When it comes to constants, however, you could not be more right. Even though I am not near severe as Jani, there have been many – times infinity – times that change in something has sent me running into Marie’s (sadistic ghost that haunts and controls me) in-between life and death world. What goes on with that layer of existence is far from appealing. Marie is trying to drag me into her world completely (which entails that I die. Guess who she wants to make that happen), ghosts circling me, demons terrorizing me, spies (everywhere), messages in the form of everything from a radio to a rock found on the ground to what you’re saying, magical powers, a paranoia so intense I refuse to be alone for even a minute, and one nurturing spirit. I’m constantly on alert, and things that seem everyday and normal for you are interpreted as something much more sinister. She is always taking over me, where my affect will go flat, my voice monotone, and she whispers for me to hurt someone, and those ways are become more graphic (strangulating, stabbing, drowning). To fight her off, I lash out against everything but that person. Punching and kicking things, bashing my skull, making myself hurt, screaming at everyone, being mean to the targeted person, and sometimes lashing out in a less severe way at another person. It feels like I am fighting for my life; yet, my voice stays flat and you find no emotion on my face. If she is commanding or not, I have no impulse control, and will – because of impulse or command – punch something, bite myself, start running, or whatever else. I have spent times, thankfully short, that I have been mildly catatonic. The world is turned into a nightmare. Still, in times when the world shits more than I can bear, everything there stays the same. They do and feel the same things. It may seem random and sudden to others; however, it is all normal for that world, makes sense in my delusional thinking, and is expected. As terrible as it may be, I know what I am facing, and it is all familiar to me.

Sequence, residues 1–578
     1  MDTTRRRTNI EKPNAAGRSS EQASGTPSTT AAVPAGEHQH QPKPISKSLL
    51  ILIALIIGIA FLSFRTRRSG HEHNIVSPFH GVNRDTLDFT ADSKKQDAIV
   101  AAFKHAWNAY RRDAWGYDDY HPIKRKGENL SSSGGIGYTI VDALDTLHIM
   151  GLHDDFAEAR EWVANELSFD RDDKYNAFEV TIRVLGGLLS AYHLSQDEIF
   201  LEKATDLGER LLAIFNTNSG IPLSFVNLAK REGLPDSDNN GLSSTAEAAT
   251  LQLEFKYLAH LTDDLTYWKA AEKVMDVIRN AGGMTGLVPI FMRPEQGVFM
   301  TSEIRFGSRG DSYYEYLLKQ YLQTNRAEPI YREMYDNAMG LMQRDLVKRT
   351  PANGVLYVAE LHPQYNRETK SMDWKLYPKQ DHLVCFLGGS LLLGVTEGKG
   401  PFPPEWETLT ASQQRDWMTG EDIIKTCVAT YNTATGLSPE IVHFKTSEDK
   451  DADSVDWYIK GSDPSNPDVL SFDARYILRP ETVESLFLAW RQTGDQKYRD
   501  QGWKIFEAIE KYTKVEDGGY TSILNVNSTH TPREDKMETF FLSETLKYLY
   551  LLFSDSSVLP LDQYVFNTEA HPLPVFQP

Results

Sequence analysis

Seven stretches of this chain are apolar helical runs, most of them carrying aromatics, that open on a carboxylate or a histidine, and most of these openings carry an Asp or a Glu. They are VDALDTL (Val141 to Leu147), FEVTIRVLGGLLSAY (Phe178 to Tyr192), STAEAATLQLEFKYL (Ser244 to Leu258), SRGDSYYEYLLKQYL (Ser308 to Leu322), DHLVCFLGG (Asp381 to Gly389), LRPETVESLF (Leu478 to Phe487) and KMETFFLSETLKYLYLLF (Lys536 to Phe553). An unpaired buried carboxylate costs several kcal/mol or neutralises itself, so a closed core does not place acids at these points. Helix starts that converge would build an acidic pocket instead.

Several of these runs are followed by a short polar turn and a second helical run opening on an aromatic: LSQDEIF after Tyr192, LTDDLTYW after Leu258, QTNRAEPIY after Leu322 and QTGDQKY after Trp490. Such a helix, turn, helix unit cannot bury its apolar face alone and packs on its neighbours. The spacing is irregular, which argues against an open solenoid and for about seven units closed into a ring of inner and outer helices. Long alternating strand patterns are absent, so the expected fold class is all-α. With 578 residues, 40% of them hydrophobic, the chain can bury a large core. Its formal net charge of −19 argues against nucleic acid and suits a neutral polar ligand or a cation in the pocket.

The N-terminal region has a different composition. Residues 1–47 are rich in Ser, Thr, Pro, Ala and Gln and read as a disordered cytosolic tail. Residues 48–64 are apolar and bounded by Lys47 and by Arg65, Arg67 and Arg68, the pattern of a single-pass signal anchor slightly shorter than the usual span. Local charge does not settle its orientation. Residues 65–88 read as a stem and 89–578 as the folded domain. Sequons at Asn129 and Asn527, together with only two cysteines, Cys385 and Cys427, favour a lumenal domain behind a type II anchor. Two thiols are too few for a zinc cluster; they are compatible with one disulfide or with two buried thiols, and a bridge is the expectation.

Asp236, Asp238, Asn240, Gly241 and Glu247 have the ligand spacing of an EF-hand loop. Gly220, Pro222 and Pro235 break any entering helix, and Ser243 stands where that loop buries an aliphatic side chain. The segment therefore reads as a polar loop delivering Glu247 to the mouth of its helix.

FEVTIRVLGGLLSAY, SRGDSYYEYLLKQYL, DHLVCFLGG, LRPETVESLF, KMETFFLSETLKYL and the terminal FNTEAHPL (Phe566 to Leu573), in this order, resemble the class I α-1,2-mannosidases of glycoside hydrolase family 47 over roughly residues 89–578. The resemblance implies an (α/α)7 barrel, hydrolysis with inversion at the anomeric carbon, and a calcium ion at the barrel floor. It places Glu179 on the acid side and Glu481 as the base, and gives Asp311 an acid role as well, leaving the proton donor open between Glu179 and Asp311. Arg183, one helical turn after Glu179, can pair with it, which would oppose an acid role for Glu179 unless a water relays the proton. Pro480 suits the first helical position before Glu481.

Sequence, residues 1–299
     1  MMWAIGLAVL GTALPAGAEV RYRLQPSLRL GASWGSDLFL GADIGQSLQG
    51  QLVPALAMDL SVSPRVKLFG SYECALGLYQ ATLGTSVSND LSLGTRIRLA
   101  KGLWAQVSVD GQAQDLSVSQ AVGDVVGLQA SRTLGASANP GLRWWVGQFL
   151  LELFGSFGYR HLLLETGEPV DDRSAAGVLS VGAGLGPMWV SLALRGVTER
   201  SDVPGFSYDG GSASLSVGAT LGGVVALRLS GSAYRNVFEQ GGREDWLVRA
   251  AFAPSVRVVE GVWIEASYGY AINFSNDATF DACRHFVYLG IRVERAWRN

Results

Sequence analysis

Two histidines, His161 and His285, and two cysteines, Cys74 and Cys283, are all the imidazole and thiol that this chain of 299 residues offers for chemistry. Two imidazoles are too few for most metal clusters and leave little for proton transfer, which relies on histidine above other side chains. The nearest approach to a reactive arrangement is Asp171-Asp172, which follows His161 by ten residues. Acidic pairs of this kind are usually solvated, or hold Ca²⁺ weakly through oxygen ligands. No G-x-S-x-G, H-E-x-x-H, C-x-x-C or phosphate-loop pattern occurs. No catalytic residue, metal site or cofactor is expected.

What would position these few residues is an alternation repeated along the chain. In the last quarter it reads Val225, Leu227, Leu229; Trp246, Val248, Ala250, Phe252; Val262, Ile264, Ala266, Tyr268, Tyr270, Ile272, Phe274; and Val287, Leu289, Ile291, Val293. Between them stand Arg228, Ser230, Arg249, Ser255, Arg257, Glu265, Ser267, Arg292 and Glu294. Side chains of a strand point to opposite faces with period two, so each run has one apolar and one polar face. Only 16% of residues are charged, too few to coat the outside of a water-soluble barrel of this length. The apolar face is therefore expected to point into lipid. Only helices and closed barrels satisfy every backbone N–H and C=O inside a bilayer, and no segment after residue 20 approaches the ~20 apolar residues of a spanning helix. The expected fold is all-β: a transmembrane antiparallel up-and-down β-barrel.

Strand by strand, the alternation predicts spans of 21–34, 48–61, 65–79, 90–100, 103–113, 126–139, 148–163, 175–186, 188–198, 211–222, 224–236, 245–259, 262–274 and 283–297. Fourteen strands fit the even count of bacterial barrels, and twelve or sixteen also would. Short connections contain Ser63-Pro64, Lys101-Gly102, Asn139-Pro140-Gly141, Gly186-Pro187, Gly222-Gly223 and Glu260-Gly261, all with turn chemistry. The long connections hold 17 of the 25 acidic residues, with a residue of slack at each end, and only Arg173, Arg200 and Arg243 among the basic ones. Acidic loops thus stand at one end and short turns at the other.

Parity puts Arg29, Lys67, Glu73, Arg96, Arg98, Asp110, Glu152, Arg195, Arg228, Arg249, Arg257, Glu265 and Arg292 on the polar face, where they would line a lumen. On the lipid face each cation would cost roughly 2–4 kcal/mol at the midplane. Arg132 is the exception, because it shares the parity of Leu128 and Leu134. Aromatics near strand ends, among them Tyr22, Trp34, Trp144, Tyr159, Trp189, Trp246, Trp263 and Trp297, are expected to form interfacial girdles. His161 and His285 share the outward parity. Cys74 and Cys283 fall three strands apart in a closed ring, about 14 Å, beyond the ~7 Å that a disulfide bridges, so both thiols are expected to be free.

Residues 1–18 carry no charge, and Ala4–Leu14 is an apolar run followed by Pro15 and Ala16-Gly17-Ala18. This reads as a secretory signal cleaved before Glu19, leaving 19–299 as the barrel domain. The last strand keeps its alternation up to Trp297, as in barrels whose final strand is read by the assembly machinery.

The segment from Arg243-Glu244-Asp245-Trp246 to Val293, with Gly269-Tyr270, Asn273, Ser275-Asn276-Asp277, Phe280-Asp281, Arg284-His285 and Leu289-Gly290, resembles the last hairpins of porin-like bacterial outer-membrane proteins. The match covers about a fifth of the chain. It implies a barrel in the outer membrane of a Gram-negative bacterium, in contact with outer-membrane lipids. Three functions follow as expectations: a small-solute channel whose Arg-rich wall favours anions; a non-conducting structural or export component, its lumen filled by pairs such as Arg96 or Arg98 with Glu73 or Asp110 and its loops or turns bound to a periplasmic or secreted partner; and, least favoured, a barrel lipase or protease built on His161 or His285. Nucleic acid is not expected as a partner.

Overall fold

To most, none of that makes sense. I am not, nor do I feel, safe when I am psychotic. Of course, from an outside view what is most obvious is that I do not cope better. My behavior and thoughts are unstable. I am not doing well, isn’t that black and white enough? What they miss is that all those behaviors and symptoms are everyday occurrences to them. They don’t criticize me or argue me out of my beliefs, and they don’t say I’m not making any sense. Everyday, they do the same things and I react the same. Those who wanted to hurt me still do; those that were angry still are; those that acted nurturing and calm still are; I had all the same powers and abilities day to day; and those I played with (their pets) and liked me still liked me and wanted to play. Real people and things are unpredictable, and that terrifies me. Even if psychosis is the thing that brings me closest to death, it is always the same.